Then in the next chapter, we see that the Jewish ruling authorities get upset at Peter and John because they are teaching people that Jesus heals and that even though the authorities had killed Jesus, he has been raised from the dead by God (4:1-12). The man who had been healed had been brought before the authorities along with them, and they weren’t about to deny the evidence no matter what the penalty might be. The authorities were in a bind. “When they saw the courage of Peter and John and realized that they were unschooled, ordinary men, they were astonished and they took note that these men had been with Jesus. But since they could see the man who had been healed standing there with them, there was nothing they could say” (4:13-14). In other words, even the authorities who opposed Jesus and those that stood with him could not deny the obvious evidence that a man had been healed. So, again I say that the healing was not about the one who was healed. We don’t even know his name! It’s about the power of the living Christ and is intended to reveal him to those who don’t believe.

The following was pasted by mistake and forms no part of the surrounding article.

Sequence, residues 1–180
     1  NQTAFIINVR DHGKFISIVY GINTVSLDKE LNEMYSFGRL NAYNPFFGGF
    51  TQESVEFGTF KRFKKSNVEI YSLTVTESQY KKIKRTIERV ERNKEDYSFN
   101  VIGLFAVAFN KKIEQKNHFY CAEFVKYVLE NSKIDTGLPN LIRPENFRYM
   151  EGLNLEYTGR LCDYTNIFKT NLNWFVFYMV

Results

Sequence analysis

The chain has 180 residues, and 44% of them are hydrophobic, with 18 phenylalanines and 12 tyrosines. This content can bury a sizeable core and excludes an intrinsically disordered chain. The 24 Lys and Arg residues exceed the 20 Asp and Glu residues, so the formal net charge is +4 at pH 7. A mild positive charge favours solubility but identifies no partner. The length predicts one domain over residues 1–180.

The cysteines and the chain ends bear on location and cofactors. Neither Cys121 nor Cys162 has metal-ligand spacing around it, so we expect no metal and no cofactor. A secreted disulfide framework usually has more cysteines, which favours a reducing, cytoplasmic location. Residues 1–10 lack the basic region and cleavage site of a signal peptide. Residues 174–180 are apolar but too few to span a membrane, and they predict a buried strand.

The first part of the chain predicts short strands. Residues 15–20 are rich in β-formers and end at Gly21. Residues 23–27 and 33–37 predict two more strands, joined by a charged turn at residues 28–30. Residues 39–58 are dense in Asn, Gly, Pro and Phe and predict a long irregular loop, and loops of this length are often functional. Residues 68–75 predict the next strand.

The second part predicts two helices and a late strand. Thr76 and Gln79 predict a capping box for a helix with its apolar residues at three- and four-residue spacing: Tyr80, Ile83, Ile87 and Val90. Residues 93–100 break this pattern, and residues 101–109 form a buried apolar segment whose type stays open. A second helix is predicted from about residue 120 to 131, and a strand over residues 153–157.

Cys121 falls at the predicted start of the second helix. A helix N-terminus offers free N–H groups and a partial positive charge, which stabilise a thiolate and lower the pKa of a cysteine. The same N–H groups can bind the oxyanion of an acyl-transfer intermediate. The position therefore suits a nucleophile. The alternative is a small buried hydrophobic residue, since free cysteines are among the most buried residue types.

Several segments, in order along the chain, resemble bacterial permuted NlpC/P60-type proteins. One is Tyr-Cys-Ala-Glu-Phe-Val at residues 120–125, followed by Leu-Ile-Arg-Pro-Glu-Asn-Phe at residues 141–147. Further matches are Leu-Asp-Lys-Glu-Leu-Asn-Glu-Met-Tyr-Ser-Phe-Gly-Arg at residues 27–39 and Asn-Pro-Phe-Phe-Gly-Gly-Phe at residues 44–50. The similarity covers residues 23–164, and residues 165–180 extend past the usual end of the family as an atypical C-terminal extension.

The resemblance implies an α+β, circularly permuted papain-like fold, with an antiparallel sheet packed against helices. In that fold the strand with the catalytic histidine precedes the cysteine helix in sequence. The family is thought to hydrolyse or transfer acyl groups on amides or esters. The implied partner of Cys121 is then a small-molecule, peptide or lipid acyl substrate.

The same was true with the healing of the paralytic in Matthew 9:1-8. Jesus wasn’t trying to hide something. He told the teachers of the law that the reason he was going to heal the man was “so that (they) would know that the Son of Man has authority on earth to forgive sins” (v. 6). The healing was certainly a blessing to the paralytic, but the purpose was to reveal his power to others. One of the reasons why I say this about both the crippled beggar in Acts 3 and the paralytic in this passage is that, as far as we know, these men still died at some point. And because we all face pains and illnesses in this life, I’m sure these men did too. Do you ever think about that? We read healings and it’s almost like we assume all of their problems are now gone. They still had to live in this world, which guarantees troubles (John 16:33). Regardless of how the rest of their lives went and whether they even continued to worship God, the proof of the power of God was evident to others through their healings.